MOSCOW (Reuters) - Yegor Gaidar, architect of Russia's market reforms, was being treated in a Moscow hospital on Wednesday after coming close to death with a mystery ailment during a visit to Ireland, friends and family said.There used to be a word used extensively during the cold war, particularly in spy movies: "liquidation," which was particularly sexy when said with a deep fauz-Russian accent-- "leequee...dayshun"
Gaidar, 50, who unleashed economic shock therapy before the dust had settled on the ruins of the Soviet Union, fell unconscious with unexplained symptoms on November 24 during a visit to Dublin to present his new book -- Death of the Empire.
[...]Gaidar, who now heads the Institute for the Economy in Transition, fell ill a day after former Russian spy Alexander Litvinenko died in a London hospital from radiation poisoning.
This is now the fourth mysterious illness/death in the past three years, and the third this year alone. Along with Litvinenko, Russian journalist Anna Politkovskaya, was shot dead last month in Moscow. Indeed, another target, Anatoly Chubais, narrowly escaped a roadside bombing and machine gun fire, not in Iraq, but on his way to his office in Moscow last year.
And of course, who could forget the poisoning of Viktor Yushchenko, elected President of Ukraine in 2004?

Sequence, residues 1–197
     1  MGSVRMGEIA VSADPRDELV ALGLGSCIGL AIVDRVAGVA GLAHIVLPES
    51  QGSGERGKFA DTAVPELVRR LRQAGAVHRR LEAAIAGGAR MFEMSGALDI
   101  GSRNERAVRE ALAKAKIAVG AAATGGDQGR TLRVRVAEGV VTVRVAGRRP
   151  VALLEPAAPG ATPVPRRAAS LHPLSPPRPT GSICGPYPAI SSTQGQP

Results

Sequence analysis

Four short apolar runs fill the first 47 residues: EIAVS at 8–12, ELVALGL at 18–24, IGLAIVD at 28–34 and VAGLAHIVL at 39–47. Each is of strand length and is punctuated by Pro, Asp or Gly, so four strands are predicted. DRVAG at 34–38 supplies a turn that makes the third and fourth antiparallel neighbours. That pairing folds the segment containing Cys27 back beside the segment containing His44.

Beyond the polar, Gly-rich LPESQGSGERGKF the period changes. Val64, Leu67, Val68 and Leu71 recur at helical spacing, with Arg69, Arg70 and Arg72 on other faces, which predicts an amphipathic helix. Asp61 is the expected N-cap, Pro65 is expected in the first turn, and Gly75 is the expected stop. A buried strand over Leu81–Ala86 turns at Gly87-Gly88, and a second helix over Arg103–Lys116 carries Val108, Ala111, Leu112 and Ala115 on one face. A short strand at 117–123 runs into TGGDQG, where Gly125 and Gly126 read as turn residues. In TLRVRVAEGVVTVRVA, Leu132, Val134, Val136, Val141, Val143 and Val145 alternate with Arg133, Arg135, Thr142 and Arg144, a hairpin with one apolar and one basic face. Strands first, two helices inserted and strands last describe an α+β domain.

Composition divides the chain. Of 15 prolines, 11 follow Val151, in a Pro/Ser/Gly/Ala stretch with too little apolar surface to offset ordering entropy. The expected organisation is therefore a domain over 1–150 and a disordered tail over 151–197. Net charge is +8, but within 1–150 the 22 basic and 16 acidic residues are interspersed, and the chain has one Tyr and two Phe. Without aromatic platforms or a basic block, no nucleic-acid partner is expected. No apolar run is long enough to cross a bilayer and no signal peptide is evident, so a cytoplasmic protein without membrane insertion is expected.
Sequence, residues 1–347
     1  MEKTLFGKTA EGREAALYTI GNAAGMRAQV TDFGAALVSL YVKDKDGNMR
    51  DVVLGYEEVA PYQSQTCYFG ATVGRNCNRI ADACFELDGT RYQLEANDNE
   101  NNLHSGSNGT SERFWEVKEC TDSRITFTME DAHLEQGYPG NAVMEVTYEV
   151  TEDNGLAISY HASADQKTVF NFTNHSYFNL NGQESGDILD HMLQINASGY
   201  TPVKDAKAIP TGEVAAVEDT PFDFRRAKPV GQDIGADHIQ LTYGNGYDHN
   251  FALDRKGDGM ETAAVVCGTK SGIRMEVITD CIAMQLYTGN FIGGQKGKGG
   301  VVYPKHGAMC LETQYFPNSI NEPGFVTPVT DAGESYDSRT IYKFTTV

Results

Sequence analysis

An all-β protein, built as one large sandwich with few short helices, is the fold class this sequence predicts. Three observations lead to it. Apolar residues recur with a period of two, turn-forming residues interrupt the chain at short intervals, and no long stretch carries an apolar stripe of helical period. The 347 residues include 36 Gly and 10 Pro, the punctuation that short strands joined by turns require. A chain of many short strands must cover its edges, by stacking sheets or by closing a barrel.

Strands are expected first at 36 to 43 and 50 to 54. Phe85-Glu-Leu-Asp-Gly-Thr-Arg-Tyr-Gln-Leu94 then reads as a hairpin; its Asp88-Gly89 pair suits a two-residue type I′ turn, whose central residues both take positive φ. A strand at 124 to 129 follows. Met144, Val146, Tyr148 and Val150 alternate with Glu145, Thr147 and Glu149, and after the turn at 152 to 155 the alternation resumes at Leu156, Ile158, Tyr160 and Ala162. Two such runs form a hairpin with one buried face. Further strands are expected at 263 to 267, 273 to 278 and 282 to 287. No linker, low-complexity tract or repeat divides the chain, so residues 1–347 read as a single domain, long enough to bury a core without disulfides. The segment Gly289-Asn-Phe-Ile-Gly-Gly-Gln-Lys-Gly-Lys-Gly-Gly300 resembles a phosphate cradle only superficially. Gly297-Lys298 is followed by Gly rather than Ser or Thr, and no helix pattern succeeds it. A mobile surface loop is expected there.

Is Putin behind it all? Certainly, he stands to gain from any one of these deaths/illnesses/attacks, as they involve Ukrainian bids for more autonomy, something Putin has been dead set against, despite the recent movement towards that autonomy fostered under Yeltsin (indeed, Gaidar and Chubais worked in Yeltsin's administration).
Why should this bother us? Well, Russia has a history of tyranny, for one thing, for another, this is the man, Putin, whom George Bush claimed to understand just from looking into his eyes (not a very good judge of character, unless Bush actually likes fascists), who once remarked that the fall of the Soviet Union was history's greatest tragedy.
These are all pretty much happening out in the open, which says either the KGB has lost its touch (Putin was head of the FSB, successor to the KGB) or the KGB had nothing to do with it, which opens a whole new can of worms (Russian mob taking orders from the government, or traditionalists?)
Events are unfolding. We ought to keep an eye on this.